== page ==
The Katchatheevu controversy

Syllabus: Security challenges and their management in border areas

Context

Why is the uninhabited 285 acre islet important to Tamil Nadu and Sri Lanka? What was agreed upon in the 1974 pact between India and the island nation? What has been the stand of the Tamil Nadu government over the years? Can Sri Lanka claim sovereignty?

The Gist

  • On August 18, Tamil Nadu Chief Minister M. K. Stalin revived the debate over Katchatheevu, an uninhabited and barren 285-acre islet about 14 nautical miles off Rameswaram.
  • Fisherfolk of the two countries have been traditionally using the islet for fishing. Though this feature was acknowledged in the 1974 agreement, the supplemental pact in March 1976 made it clear that fishing vessels and fishermen of the two countries “shall not engage” in fishing in the historic waters.
  • Sri Lanka claims sovereignty over Kachatheevu on the ground that the Portuguese who had occupied the island during 1505-1658 CE had exercised jurisdiction over the islet. India’s contention was that the erstwhile Raja of Ramnad had possession of it as part of his zamin.

The story so far:

  • On August 18, Tamil Nadu Chief Minister revived the debate over Katchatheevu, an uninhabited and barren 285 acre islet about 14 nautical miles off Rameswaram.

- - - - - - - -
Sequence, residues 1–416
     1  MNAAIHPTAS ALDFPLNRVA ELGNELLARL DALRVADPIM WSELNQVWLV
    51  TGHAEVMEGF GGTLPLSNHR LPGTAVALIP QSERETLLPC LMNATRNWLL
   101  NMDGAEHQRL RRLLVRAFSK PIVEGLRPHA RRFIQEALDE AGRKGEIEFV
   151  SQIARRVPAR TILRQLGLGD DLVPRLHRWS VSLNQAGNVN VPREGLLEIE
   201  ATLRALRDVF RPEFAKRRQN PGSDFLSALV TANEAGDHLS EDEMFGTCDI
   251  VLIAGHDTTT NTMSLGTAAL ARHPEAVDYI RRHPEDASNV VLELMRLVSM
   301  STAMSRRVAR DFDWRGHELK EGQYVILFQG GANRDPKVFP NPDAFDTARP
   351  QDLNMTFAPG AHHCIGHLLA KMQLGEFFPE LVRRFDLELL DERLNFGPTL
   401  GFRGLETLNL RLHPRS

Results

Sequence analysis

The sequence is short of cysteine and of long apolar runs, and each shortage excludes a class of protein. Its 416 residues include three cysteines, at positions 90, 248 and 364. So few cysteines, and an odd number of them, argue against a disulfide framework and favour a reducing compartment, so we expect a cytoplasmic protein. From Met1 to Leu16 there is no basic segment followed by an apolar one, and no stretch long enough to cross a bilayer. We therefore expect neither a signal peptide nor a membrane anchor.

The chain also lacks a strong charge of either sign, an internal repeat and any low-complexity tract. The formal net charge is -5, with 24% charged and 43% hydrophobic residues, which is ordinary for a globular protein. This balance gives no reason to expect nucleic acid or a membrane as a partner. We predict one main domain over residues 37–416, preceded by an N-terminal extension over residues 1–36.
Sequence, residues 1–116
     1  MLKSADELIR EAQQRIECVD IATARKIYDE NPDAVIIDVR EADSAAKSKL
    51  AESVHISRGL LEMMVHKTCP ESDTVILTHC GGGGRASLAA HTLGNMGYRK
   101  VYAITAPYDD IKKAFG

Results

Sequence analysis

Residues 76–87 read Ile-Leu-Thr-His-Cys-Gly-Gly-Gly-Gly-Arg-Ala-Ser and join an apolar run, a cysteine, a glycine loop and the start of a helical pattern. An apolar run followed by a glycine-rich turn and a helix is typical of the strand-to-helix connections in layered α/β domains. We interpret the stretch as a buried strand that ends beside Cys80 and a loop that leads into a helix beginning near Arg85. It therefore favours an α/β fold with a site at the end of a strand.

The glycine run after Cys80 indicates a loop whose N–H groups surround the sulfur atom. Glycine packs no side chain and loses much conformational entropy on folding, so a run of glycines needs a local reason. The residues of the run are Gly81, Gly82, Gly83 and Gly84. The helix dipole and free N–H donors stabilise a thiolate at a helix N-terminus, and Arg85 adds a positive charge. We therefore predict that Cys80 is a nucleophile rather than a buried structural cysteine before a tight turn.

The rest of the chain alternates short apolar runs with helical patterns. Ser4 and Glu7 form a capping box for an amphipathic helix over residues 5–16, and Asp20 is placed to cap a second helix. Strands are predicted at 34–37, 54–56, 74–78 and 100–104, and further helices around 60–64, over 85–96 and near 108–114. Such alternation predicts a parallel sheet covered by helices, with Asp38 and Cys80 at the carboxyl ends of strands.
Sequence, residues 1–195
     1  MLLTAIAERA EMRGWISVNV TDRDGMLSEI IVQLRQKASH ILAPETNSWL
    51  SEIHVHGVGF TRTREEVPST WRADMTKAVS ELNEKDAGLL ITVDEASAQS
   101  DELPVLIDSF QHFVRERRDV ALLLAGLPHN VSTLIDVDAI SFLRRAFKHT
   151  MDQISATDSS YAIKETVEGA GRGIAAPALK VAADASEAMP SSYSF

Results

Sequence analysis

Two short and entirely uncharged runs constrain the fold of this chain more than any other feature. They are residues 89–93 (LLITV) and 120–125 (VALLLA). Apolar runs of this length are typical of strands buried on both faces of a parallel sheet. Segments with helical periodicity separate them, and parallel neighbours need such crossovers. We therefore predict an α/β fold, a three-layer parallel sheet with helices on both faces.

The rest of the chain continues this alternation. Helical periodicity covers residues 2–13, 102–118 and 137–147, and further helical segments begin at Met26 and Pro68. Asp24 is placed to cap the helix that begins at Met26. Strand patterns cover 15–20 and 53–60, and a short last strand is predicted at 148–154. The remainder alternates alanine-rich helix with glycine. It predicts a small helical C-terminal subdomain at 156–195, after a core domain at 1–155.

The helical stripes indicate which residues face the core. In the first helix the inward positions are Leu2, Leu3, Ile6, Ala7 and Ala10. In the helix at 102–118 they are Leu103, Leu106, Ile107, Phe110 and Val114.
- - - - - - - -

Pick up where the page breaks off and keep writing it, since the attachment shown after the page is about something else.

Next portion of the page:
• He reiterated the demand for retrieval of the islet from Sri Lanka, which will, according to him, put a permanent end to the problems of fishermen of the State.
  • Addressing a fishermen’s conference in Mandapam of Ramanathapuram district, he pointed out that following his letters to Prime Minister, fishermen arrested by the Sri Lankan authorities, were released but the boats and fish nets, essential to the livelihoods of the fishermen, had not been returned.

When did Katchatheevu become a part of Sri Lanka?

  • During June 26-28, 1974, the then Prime Ministers of India and Sri Lanka, Indira Gandhi and Sirim R.D. Bandaranaike, signed an agreement to demarcate the boundary between the two countries in the historic waters from Palk Strait to Adam’s Bridge.
  • A joint statement issued on June 28, 1974, stated that a boundary had been defined “in conformity with the historical evidence, legal international principles and precedents.” It also pointed out that “this boundary falls one mile off the west coast of the uninhabited” Katchatheevu.

How important is Kachatheevu?

  • Fisherfolk of the two countries have been traditionally using the islet for fishing.
  • Though this feature was acknowledged in the 1974 agreement, the supplemental pact in March 1976 made it clear that fishermen of the two countries
  • “shall not engage” in fishing in the historic waters, territorial sea and exclusive zone or exclusive economic zone of either of the countries “without the express permission of Sri Lanka or India.”
  • While certain sections of political parties and fisherfolk in Tamil Nadu believe that the retrieval of Katchatheevu would resolve the problem of fishermen having to illegally cross the International Maritime Boundary Line, fishermen of the Northern Province in Sri Lanka say that this would only add to their suffering from the adverse impact of T.N. fishermen using the fishing method of bottom trawling on their territorial waters.